Freecycling

Fighting for freerecyling

What does it mean to affiliate?

Please tell me I am wrong, but many freecycling groups can get on with doing what they do without any external support for many years. They can promote their group locally, recruit new members, find new moderators from their ranks and they can moderate posts. They can do almost anything – without external support. If they need support then there are a large number of freely available resources on the web (many linked on my blog) where moderators and owners can find any information they want. There are lots of other moderators and owners out there to help with specific questions.

Now affiliation is a two-way process. Affiliation is YOU the owner saying “I want to affiliate to something” and that something saying “yes, I agree to you being affiliated”. And of course either party can call off the affiliation at any time. Certainly The Freecycle Network cancels affiliation when it feels like it, often without discussion. In this blog we call this delisting.

So I ask why cannot a group equally have the right to break an affiliation? Does the group have no rights? Where is the contract with the umbrella organisation that says “thou shalt stay with us come hell or high water until we delist you?”

Now I gather that Deron Beal’s inbox is absolutely crammed full of emails from members of many groups who do not want to leave freecycle. This surprises me because I would expect that 99.9% of members across the world have never heard of Deron Beal, and certainly very few would want to email him. If anyone has emailed him and wants to disclose the email they sent and any response then I feel free to post them here as comments.

If anyone else wants to email him – then deron at the freecycle.org address will work, I think. And I certainly commend you to do that. Because his response is absolutely critical to whether you continue affiliate to the freecycle network or any other sharing group. It is on record that his response is one of a feeling that groups are somehow being “stolen”.

So let us analyse what steeling is going on. A group’s owner has signed terms and conditions with Yahoo. That is absolutely your only legal contract. So I am sure they would have something to say on the matter if you broke their terms and conditions. As yet I have never heard of Yahoo remotely accusing anyone of stealing. Please correct me if I am wrong.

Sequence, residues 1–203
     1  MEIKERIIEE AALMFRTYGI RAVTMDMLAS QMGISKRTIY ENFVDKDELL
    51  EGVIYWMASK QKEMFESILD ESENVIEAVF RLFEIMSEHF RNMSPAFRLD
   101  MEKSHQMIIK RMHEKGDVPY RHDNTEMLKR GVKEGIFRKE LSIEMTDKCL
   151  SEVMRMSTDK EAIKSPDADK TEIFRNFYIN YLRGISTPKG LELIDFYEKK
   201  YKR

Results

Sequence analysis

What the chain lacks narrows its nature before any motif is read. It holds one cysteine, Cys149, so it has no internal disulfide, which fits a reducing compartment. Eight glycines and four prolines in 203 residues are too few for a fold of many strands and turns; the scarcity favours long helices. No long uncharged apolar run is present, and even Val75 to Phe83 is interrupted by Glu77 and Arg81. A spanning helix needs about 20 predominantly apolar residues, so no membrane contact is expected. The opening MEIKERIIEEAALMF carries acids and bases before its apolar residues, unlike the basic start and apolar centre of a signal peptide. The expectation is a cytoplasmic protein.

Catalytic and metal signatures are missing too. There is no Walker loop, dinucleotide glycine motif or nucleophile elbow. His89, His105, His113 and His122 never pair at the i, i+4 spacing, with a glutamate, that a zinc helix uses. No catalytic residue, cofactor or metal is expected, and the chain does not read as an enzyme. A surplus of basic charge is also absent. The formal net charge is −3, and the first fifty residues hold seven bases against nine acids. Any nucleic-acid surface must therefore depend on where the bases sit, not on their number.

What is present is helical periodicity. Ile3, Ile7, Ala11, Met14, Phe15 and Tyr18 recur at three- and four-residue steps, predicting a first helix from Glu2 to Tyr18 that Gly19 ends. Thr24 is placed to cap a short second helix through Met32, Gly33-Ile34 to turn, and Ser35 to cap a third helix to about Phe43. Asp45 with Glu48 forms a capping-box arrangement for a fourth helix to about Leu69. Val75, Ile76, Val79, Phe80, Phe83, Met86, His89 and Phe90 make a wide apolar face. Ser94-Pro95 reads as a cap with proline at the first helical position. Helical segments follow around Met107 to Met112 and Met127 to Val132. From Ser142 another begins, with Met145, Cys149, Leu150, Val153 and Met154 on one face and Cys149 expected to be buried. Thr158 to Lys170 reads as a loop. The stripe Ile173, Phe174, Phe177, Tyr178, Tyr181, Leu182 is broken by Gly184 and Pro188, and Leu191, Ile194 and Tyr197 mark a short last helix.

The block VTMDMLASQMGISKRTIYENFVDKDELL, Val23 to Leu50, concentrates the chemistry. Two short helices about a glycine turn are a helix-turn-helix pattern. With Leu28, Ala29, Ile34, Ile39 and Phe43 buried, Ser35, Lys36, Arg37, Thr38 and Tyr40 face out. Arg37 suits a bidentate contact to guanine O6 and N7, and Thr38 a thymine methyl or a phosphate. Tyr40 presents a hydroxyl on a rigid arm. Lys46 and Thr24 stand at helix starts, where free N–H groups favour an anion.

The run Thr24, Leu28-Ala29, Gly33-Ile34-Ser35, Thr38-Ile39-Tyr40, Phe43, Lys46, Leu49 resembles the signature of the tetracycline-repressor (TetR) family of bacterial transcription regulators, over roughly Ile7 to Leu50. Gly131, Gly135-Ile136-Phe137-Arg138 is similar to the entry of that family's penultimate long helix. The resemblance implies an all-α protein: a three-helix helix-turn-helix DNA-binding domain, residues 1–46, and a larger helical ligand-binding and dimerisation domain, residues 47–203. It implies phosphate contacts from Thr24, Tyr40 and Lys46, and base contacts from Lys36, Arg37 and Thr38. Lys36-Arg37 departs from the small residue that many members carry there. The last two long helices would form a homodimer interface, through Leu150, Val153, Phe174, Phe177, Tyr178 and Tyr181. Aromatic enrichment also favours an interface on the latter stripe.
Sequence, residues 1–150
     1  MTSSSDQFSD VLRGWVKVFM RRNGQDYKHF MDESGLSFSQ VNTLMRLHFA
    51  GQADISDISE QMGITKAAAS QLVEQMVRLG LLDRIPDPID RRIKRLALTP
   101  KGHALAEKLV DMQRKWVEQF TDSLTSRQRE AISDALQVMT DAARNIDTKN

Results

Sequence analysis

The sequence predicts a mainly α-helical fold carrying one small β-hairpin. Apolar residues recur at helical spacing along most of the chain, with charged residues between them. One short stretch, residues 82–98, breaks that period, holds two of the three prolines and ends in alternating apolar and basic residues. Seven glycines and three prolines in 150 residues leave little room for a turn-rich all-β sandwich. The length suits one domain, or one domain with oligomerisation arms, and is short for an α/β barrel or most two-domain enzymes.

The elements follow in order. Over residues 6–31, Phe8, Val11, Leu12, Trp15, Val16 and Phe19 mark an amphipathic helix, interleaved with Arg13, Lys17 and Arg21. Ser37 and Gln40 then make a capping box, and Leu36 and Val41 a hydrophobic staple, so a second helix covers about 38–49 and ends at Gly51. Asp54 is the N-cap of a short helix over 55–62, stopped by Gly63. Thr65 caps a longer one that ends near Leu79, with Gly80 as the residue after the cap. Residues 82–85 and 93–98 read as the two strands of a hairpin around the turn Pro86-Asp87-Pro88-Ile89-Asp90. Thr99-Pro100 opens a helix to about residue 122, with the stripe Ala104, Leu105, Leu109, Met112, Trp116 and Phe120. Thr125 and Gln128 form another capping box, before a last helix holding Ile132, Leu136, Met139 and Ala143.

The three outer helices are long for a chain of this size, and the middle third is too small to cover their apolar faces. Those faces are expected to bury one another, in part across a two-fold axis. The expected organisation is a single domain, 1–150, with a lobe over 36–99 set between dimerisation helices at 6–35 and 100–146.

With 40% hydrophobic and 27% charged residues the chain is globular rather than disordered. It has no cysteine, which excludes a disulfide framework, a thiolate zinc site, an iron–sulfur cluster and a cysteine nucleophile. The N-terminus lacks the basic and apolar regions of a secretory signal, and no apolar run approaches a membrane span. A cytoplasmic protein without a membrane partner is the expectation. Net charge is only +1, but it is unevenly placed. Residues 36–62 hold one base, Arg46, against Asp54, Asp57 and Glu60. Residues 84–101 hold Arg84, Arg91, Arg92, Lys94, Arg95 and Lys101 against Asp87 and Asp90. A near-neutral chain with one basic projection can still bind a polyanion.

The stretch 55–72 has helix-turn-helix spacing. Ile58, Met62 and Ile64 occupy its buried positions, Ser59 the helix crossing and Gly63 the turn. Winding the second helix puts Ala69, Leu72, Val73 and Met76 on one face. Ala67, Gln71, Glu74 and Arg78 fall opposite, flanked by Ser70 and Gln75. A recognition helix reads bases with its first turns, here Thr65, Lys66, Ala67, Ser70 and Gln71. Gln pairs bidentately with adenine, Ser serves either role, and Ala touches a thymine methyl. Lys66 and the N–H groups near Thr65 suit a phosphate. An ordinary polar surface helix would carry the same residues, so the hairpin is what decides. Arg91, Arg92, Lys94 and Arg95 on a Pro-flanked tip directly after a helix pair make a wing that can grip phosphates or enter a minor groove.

Is anything being stolen from members? Well if one deleted the group then that would prevent them from posting items on offer, so that would be stealing, wouldn’t it? Well actually in a more politically correct words it is more about transition, smooth transition. But if you asked members whether they want transition or just to continue, then I would guess 99.9% would go with the latter.

Certainly it is very rare for group members to feel concerned about their group’s owner and moderators. In any instance where their is a concern typically the member leave the group. So, de facto, you can expect that every freecycling group on this planet is generally running very happily. Who would want to disrupt that?

You might argue that a group owes something to its affiliation. I do ask where is the contract that states that responsibility.

One metaphor that might have some relevance is the relationship between a parent and child. A parent begets a child because it feels the need to do that. However I would argue that, certainly once the child is an adult, it owes absolutely nothing to the parent. If the child wants to give anything back to the parent – then that is the child’s unilateral choice.  In a like way The Freecycle Network and similar organisations spawn groups because they want to reduce landfill. If landfill is continually being reduced then exactly what is the problem?

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July 20, 2007 - Posted by | freecycle

2 Comments »

  1. The parent-child analogy is not correct except for the rare case of an adult being adopted by mutual consent with the adoptive paent(s).

    Groups ceated by TFN are not children as muh as they are manufactured items that can be used only by, or with the consent of, TFN.

    Ford doesn’t allow its franchisees sell Crown Victorias for a song, and neither does TFN allow its affiliated groups to refuse to follow its established rules, even if enforcement seems selective and inapplicable to the parent corporation.

    Comment by EDWARD SCHWARZMANN | July 20, 2007 | Reply

  2. To be strictly correct, TFN does not want to allow this. Whether it is successful in that is a matter between three parties – TFN, YahooGroups and the group, oh and perhaps a fourth some court or other.

    The Ford analogy is totally inappropriate. Ford, excuse me if I am wrong has a very formal well-thoughtout agreement between it and its franchisees. Please show me an example of this between ANY group and TFN, including Deron Beal’s home group.

    Comment by andyswarbs | July 20, 2007 | Reply


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